|Chris Sanford Checks my Design-in-Progess|
|Hands on soil analysis|
The first step in the course was to create a site analysis. As it turns out, all that time I spend mooning around in the garden is valuable. According to Rosmarie, “being present” in your space is a vital first step to forming a sustainable design. If you’re paying attention, you’ll notice the direction of winds, how the sun tracks, where shadows fall, where the birds go, how the slope of your land affects drainage. Put these on a map, along with permanent structures, mature trees and shrubs, power lines, traffic paths, and you’ve got a map that helps you to identify the microclimates of your yard. Well, almost. The first map I came up with was far from enlightening; it was crowded and confusing. Chris showed us how to represent information more effectively with nifty landscaping symbols and layers of tracing paper.
- With sustainability in mind, I spent my first burst of gardening energy on building a compost bin from locally sourced, untreated lumber, that will help me create more homemade inputs for my garden.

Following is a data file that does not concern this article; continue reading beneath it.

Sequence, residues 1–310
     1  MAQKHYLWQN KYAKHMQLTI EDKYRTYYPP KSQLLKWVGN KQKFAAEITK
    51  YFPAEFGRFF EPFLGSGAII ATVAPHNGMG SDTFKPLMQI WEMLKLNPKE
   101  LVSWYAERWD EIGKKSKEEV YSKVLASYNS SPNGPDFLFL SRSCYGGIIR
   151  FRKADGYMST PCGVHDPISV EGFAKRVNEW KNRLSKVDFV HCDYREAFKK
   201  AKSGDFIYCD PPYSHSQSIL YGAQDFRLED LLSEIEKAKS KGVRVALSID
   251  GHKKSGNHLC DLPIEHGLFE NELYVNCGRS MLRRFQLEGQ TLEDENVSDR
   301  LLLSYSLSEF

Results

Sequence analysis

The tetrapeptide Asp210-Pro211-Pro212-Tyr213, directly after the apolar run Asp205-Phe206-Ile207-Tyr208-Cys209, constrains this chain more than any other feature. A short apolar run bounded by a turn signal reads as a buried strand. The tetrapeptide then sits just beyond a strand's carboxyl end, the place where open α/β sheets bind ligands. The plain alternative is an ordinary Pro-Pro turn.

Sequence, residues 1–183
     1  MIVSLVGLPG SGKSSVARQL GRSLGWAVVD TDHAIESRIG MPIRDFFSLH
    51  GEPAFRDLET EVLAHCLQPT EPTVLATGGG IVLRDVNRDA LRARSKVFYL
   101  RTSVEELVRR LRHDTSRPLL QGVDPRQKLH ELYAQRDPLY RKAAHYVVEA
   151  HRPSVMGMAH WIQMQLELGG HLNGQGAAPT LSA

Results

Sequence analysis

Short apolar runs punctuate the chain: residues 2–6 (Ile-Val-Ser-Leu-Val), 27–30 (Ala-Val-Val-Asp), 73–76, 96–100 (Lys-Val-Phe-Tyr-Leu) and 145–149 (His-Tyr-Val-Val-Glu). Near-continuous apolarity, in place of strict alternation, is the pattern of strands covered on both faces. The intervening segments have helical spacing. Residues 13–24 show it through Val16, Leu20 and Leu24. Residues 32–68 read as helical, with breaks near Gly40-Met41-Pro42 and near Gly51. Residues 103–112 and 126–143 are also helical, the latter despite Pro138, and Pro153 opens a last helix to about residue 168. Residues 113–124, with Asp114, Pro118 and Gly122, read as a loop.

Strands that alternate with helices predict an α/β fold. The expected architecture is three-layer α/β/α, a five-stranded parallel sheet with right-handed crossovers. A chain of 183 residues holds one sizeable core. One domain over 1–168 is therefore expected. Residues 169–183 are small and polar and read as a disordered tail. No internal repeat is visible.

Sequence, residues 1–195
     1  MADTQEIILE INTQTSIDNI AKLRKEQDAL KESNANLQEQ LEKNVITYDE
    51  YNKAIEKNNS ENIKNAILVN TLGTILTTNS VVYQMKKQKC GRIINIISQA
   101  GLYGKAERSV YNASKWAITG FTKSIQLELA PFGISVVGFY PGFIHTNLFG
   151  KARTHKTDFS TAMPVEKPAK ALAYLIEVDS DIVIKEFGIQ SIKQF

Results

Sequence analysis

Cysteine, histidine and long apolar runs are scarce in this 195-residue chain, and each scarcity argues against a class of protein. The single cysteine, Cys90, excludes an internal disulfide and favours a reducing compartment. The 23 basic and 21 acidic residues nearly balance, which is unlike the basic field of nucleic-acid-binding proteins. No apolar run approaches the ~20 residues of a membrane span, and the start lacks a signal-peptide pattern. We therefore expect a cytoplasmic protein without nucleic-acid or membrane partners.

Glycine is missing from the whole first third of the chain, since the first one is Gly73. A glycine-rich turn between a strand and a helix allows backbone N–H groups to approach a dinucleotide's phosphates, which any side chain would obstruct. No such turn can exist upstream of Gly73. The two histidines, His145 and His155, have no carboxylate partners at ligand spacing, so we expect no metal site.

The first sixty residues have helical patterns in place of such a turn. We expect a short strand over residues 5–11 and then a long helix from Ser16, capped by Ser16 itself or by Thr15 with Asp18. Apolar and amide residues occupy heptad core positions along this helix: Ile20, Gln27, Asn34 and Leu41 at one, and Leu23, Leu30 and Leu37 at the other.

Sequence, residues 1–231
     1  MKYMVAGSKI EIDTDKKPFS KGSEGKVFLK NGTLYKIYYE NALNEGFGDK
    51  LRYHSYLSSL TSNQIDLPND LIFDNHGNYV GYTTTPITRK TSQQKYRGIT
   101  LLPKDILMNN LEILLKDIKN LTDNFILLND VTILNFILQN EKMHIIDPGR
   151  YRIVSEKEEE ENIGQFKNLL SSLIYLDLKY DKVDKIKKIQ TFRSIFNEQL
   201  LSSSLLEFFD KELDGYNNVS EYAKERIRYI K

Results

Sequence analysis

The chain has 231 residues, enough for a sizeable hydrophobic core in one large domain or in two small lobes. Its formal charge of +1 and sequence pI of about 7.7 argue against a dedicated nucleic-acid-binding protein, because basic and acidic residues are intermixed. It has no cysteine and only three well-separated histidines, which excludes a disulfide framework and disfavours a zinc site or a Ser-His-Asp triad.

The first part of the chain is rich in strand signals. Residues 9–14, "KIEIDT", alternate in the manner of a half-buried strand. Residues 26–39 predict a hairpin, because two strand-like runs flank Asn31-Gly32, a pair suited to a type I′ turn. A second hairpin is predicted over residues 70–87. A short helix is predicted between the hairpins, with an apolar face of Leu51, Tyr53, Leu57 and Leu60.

- As well, I think I’ve finally figured out where to put my tomato plants, which usually die prematurely in my very sandy, wind-exposed vegetable plot. I’m making a no-dig raised bed in the sheltered hot spot of my property. Since my map reminds me that this bed is on a slight slope, I’m making the bed from rotting firewood which will trap moisture and feed the soil as it breaks down.
- Last, but certainly not least, I’m creating a five year plan to reduce our lawn mowing and encourage a bit more of the wild back into our lot. In years past, my partner and I have thrown up our hands and said it can’t be done—this is the lawn we inherited. But it will be done, making thoughtful, creative adjustments to the way we manage our property.